EBM training is a pressing need for health professionals in making and the authors have logically rationalized its incorporation within the curriculum in undergraduate years. The large group and small group approaches are described in the manuscript, however it will be more interesting to know the basis of blending the two approaches and its influence on each other and overall conceptual development. Maybe a factorial design can be of help here. It will be interesting to include qualitative data and a further follow up to assess retention and transfer of EBM skills. A well articulated write up with a logical flow. Much recommended!
Subha Ramani - (13/12/2017) Panel Member Icon
The authors have taken EBM education to a new level by emphasizing a longitudinal approach to the curriculum and clinical learning outcomes. They also have appropriately assessed the gap in an evidence based approach to practice among residents, linked their curriculum to the new AAMC EPA and focused on addressing this gap. The paper is very well written, authors have used an established heuristic to teach and assess EBM. I found it very interesting to review tables 1 and 2 listing organ systems or clinical presentations and the EBM strategy addressed under each. The paper clearly points out the importance of EBM in the clinical context and a long retention focus. staff development, as always, is key.
All educators teaching an evidence based approach to patient care to any level of learners will find this article helpful.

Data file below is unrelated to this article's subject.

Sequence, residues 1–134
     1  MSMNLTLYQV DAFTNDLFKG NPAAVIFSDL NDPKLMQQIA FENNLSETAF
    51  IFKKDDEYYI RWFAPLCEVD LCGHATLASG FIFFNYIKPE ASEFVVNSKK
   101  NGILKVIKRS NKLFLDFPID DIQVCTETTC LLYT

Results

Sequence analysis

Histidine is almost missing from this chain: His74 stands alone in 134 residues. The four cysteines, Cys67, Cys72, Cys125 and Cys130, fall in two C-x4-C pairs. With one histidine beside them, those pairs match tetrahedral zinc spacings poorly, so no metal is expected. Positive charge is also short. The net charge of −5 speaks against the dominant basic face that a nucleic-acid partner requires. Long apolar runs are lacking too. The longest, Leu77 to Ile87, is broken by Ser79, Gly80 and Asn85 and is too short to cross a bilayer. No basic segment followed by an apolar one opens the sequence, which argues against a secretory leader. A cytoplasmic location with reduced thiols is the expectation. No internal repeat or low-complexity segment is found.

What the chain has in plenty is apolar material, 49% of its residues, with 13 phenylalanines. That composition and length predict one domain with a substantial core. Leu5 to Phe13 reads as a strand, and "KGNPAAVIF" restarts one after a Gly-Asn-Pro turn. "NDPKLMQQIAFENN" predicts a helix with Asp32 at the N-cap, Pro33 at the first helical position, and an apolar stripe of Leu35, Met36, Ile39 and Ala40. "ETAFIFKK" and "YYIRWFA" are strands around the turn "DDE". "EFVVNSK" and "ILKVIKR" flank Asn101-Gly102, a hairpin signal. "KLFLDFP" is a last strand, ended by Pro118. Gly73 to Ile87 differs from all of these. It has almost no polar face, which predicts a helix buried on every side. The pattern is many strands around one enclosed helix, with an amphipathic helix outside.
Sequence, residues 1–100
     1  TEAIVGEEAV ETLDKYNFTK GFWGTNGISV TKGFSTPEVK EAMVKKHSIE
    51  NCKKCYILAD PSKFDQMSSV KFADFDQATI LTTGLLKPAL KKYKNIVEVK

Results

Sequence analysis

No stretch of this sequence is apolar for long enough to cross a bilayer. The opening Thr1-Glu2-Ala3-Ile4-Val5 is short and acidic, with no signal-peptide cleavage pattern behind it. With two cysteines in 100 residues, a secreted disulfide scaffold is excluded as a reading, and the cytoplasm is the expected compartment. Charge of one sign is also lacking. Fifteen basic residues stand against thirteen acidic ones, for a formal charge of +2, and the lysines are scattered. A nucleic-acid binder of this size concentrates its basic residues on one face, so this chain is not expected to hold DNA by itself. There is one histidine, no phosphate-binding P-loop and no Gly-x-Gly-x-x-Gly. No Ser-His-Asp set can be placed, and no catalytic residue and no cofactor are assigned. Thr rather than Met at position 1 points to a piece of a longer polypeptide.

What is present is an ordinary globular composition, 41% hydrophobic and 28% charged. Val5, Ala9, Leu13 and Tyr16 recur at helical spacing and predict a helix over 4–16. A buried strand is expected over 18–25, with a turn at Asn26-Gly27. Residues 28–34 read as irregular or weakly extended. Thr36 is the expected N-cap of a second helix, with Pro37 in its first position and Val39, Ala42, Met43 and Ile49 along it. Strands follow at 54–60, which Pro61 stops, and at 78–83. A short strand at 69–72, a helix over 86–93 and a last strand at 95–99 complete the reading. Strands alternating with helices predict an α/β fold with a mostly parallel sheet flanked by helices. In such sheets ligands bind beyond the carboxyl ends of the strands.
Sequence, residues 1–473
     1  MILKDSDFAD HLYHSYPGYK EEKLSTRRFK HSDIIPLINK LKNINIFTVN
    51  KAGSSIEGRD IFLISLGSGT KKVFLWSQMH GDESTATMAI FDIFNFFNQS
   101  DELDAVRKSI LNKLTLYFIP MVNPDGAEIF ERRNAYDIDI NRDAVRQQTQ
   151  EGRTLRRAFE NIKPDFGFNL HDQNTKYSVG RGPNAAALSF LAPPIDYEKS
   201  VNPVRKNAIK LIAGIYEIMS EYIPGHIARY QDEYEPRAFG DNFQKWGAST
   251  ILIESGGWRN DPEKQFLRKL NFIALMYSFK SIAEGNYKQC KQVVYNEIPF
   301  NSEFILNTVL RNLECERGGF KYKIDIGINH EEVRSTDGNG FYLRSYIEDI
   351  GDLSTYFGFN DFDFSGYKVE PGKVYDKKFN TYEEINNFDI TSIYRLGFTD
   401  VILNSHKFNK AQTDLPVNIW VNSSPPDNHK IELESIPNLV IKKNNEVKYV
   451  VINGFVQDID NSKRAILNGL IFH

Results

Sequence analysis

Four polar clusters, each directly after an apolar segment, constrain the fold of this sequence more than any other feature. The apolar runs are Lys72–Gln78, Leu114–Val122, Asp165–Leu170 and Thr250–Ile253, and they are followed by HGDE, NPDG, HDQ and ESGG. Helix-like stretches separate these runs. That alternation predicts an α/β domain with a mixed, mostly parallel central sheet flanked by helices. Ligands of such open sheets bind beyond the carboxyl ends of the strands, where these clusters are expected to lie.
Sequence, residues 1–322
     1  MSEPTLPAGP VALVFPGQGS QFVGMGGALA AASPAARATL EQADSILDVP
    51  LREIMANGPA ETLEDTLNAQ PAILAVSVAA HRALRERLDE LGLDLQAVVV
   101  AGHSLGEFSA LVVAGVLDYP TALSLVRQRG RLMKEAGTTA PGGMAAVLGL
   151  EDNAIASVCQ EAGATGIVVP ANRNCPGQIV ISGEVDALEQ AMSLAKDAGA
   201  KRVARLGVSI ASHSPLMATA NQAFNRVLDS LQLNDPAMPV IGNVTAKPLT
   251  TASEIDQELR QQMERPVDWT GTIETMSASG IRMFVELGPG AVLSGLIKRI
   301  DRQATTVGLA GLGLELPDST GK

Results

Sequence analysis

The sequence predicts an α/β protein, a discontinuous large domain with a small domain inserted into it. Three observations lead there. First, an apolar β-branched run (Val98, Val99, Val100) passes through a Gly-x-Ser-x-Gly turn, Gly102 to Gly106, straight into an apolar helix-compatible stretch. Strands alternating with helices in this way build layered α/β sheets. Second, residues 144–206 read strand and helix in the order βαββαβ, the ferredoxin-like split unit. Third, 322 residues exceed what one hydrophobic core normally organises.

Trevor Gibbs - (13/12/2017) Panel Member Icon
It is interesting how EBM has changed over the years in its popularity and how, as the authors point out, it importance is now being appreciated and its place in healthcare curricula is receiving greater acceptance.
This is an interesting and well written paper that clearly describes a novel approach to integrating EBM into a competency-based curriculum. It is clear that the authors have worked hard on the integrated structure prior to implementation and they have carefully managed to place EBM into two separate elements of a second year programme. I particularly like the combination of relatively didactic input with small group inputs at a slightly later stage- it seems to work.
I would be interested in a slightly more qualitative approach, if that was feasible, looking at which element of the EBM curriculum the students appreciated ( and gained from) more; but then perhaps it was the whole approach that they appreciated
I certainly would recommend this to anyone working in the field of curriculum development